Patient Population

Patients were recruited at the Deutsches Herzzentrum München in Munich, the 1. Medizinische Klinik, Klinikum rechts der Isar in Munich, Krankenhaus der Barmherzigen Brüder in Munich, and Klinikum Landkreis Erding, all in Germany. Patients were eligible for enrollment if they provided written informed consent and were undergoing diagnostic coronary angiography (without subsequent percutaneous coronary intervention) with a 6F sheath through the common femoral artery, which had to have a diameter of greater than 5 mm (proven by angiography). Major exclusion criteria were implantation of a VCD within the last 30 days, symptomatic leg ischemia, prior thromboendarteriectomy (TEA) or patch plastic of the common femoral artery, planned invasive diagnostic or interventional procedure in the following 90 days, a heavily calcified vessel, active bleeding or bleeding diathesis, severe arterial hypertension (>220/110 mm Hg), local infection, autoimmune disease, allergy to resorbable suture, and pregnancy. Detailed inclusion and exclusion criteria have previously been published.6 The study was approved by the ethics committee at each participating center.

Randomization

Patients were randomly assigned to arteriotomy closure with 1 of the following techniques: the intravascular FemoSeal VCD, the extravascular Exoseal VCD, or manual compression at a 1:1:1 ratio after performance of coronary angiography and femoral angiography of the access site via the 6F sheath. Sealed opaque envelopes containing a computer-generated sequence at a permuted block size of 3, 6, and 9 were used (generated at the data coordinating ISAResearch Center). Randomization was stratified by study center.

Study Treatment

Investigators participating in the trial were trained and certified from the manufacturer of the respective VCD. The VCDs were deployed according to the instructions for use. In patients assigned to receive manual compression, the sheath was removed by a physician and manual compression was applied proximal to the puncture site. Compression was continued for at least 10 minutes or until hemostasis. Hemostasis was defined as no bleeding or only light superficial bleeding and no expanding hematoma. A pressure bandage was applied for 2 hours after VCD implantation and 6 hours after manual compression.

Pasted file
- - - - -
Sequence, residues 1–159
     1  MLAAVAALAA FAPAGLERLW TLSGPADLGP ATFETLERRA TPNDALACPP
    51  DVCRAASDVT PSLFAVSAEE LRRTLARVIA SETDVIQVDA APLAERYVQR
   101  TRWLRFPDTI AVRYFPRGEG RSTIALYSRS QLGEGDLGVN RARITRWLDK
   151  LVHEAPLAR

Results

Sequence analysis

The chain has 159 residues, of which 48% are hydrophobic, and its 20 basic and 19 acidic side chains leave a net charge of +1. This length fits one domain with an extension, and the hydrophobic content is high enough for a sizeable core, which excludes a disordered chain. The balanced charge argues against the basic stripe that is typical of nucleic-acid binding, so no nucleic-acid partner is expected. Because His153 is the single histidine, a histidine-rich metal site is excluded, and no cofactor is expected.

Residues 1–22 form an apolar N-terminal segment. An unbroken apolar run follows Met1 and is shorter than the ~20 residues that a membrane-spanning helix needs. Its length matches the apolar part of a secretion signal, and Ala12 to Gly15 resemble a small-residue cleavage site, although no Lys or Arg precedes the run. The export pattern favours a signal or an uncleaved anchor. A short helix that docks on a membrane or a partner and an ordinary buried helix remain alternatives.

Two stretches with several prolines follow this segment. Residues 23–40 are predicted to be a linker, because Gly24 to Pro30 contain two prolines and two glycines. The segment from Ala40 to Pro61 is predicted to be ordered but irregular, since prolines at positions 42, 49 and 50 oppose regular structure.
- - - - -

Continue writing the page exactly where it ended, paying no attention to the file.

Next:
Follow-up

All patients were scheduled to undergo color-coded duplex sonography of the access-site before hospital discharge. At 30 days, patients were not routinely seen in the participating center. Most patients received a structured follow-up letter or were interviewed via a telephone call with trained personnel of the ISAResearch Center about any complaints related to the access site, ie, hematoma, swelling, bleeding, pain, hospital admission, repeat intervention, operation, infection etc. In case of any complaints related to the access site, patients were instructed to seek further clinical and duplex sonographic follow-up at the outpatient clinic. In patients incurring an adverse event at another hopital, the respective source documents were solicited.